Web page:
Mountain Town Gets Clean, Safe Water

The renovated Jadaan Cistern is built of natural stone that protects the water supply.
The renovated Jadaan Cistern is built of natural stone that protects the water supply.
Rejuvenating a Mountain Community's Traditional Water Supply
A USAID environmental health program helped the community in the mountain village of Thula renovate a 700-year-old cistern using natural materials and traditional methods.

Like many mountain villages in Yemen, the town of Thula collects rainwater in cisterns to use for household water supply. This practice allows communities to make the best use of extremely scarce water resources. But rainwater can often become contaminated as it flows through collection channels into the cistern. Water stored in open cisterns can also become spoiled from animal waste, trash, or even dirt from the clothes, shoes, hands, and buckets of the people who come to fetch water from the cistern. Contaminated water is known to cause intestinal diseases that compromise health and can even be deadly for small children. Coming into direct contact with these contaminants while collecting water or swimming can cause skin rashes and possibly infections.

To help improve and protect the health of people living in the community of Thula, USAID sponsored the rehabilitation of the main cistern, the Jaadan Cistern. The plan to renovate the cistern carefully considered Thula’s historical and cultural importance; the renovators used mainly natural stone materials and a traditional method of plaster called qadad. The local contractor’s family had passed down the tradition of using qadad from generation to generation, and he is an expert in the special techniques needed for its proper application. The “new” cistern has a traditional filter system and five hand-pumps that will enable users to easily fetch water.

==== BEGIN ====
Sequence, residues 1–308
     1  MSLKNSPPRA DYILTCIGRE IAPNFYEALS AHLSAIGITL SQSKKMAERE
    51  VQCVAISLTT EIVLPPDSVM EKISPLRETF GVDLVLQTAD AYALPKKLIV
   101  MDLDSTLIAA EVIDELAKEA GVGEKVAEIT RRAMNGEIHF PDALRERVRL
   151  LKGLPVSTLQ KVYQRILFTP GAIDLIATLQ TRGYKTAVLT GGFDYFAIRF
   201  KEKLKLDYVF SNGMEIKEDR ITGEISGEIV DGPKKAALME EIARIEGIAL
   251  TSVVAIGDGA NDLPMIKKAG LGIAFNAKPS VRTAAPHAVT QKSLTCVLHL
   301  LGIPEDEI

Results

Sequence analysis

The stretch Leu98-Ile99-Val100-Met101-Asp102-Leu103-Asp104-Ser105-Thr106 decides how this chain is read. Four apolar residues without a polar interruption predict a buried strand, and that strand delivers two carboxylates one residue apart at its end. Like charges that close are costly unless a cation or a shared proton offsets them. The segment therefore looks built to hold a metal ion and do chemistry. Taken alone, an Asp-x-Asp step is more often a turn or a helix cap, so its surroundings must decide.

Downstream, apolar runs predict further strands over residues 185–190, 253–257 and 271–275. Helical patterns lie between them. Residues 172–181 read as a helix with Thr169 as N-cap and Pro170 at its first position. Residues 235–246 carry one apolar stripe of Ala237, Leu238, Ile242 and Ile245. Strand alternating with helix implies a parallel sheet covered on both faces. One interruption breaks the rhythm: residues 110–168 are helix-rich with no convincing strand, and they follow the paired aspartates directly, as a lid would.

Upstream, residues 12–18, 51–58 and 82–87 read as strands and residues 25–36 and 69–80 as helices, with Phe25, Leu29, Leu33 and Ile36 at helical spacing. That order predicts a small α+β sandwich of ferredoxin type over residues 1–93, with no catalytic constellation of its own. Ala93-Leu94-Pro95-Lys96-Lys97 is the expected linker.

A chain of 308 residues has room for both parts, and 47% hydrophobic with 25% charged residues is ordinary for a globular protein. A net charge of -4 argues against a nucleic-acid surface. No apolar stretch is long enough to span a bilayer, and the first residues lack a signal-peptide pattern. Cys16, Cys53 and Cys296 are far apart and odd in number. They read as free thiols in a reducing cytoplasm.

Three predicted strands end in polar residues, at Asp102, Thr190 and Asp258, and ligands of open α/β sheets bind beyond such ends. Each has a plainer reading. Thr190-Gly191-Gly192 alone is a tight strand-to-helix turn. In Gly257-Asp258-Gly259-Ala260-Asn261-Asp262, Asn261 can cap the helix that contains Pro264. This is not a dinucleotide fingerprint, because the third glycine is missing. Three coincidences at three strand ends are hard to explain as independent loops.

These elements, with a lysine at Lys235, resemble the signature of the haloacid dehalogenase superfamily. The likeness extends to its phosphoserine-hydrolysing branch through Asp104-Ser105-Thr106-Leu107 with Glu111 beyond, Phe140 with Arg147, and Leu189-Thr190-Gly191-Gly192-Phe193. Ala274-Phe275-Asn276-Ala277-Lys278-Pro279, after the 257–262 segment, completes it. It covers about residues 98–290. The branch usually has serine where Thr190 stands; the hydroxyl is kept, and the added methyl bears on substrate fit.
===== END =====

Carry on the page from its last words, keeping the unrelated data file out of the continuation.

The cistern renovation is part of a series of community-based environmental health projects funded by USAID. The program was designed through consultations and focus groups with community and local council members in the district of Thula. In addition, the project conducted a survey of 269 households in 12 villages to understand local knowledge and practices related to water, sanitation, and hygiene. A locally elected project oversight committee comprised of five men and five women will work with the local council to raise awareness among community members, including children, on their role in keeping the cistern clean and assuring its maintenance.

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Last updated: August 05, 2013

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